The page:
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Updated May 20, 2024

8 Ways Cloud Computing Can Increase Productivity and Profits

Explore how cloud computing offers scalable resources, enhanced efficiency and cost savings to transform the way businesses operate and grow.

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Sean Peek, Senior Analyst & Expert on Business Ownership
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As a business owner, you always need to use the most effective methods of computing to keep your business as efficient and profitable as possible. Cloud computing, in particular, can have tremendous benefits for your company’s earnings and operations. Learn what exactly cloud computing is as well as the benefits and costs. 

What is cloud computing?

Cloud computing is the on-demand delivery of IT resources over the internet with pay-as-you-go pricing. You can access technology services on an as-needed basis from a cloud provider. Organizations of all sizes and industries can use cloud computing for processes like data backup, email, virtual desktops, software development and testing, big data analytics and customer-facing web applications.

“Cloud computing” as a term has been around since the early 2000s, though the concept of computing services dates back to the 1960s. Between the ’70s and ’90s, there were many advancements in computing technology that led to the creation of cloud computing. The ’90s, in particular, saw companies providing virtual private networks (VPNs), a precursor to today’s cloud computing. Some examples of companies offering cloud computing services include Salesforce, AWS, DigitalOcean, Dropbox, Civis Analytics, Carbonite and Forcepoint. See our top picks for cloud storage services and online backup providers.

Types of cloud computing

There are three different types of cloud computing: the private cloud, the public cloud and the hybrid cloud. These refer to where the infrastructure is located and who has access to it.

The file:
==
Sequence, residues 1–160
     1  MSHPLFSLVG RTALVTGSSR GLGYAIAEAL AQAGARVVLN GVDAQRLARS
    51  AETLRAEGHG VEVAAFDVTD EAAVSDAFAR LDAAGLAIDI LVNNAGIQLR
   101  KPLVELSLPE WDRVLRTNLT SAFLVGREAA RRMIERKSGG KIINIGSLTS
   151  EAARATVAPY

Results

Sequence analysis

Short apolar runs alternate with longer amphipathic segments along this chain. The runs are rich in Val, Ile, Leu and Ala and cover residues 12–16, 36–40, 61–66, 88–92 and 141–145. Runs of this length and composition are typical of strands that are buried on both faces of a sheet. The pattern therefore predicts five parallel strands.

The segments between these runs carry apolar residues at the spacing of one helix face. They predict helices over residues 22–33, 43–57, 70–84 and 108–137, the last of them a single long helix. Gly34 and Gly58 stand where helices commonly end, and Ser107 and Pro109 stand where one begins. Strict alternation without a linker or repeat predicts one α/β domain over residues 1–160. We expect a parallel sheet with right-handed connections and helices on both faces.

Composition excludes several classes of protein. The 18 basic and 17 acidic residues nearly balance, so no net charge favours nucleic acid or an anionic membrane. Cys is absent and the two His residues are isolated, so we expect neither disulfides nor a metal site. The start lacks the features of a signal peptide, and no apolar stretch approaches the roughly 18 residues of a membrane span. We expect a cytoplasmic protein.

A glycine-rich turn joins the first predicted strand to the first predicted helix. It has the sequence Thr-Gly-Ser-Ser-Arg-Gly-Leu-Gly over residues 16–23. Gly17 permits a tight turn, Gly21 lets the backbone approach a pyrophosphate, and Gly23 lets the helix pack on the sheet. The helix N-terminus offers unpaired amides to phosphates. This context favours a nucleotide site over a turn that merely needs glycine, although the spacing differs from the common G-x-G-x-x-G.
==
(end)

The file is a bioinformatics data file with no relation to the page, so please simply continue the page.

On a private cloud, a private IT network is used to disseminate computing services for a single organization. The private cloud is hosted internally and protected by company firewalls, thereby offering a higher level of security because it is not accessible to those outside the organization. With a public cloud, computing services are available to anyone. Third-party providers offer the services over the internet for free or for users to purchase on-demand.

Lastly, a hybrid cloud offers the “best of both worlds,” as it can shift from a private cloud to a public one when a business’ infrastructure scales. With the hybrid cloud, businesses won’t purchase and maintain the resources of the general public cloud computing; they will only pay for the resources they temporarily use. [Read related article: A Small Business’s Guide to the Different Types of Cloud Services]

Did You Know?Did you know
Many platforms, like Salesforce’s CRM, rely on cloud computing to keep data accessible and secure. Read our Salesforce CRM review for more information.

What are the benefits of cloud computing?

As a small business owner, you’ll find many benefits to cloud computing. Among them, using the cloud can help grow your business. Here are some other advantages.

1. Team collaboration

Cloud-powered productivity sites and suites allow multiple colleagues to work on projects simultaneously, which in turn promotes collaboration within a team both in and out of a physical workplace. Some examples of such services are Google Workspace and Microsoft Office 365.

Cloud computing also allows for quick and easy sharing of information between co-workers. This helps maintain consistency among employees as they work together on projects, even if they’re working from different locations or time zones. This ability is more important than ever in the age of working remotely.

2. Safety and security

The reluctance of many companies to move over to the cloud lies in a misconception that keeping IT operations under tight control in-house is a safer solution than relying on cloud computing. However, while moving operations to the cloud does mean giving up some technological control, often a third-party firm can look after your data more securely than you could.

Solid cloud providers like Oracle have robust security protocols in place and can clearly outline their methodologies to ensure you have complete confidence in allowing them to manage your data. Our Oracle NetSuite accounting software review demonstrates just one way the company’s cloud-based apps can aid your business.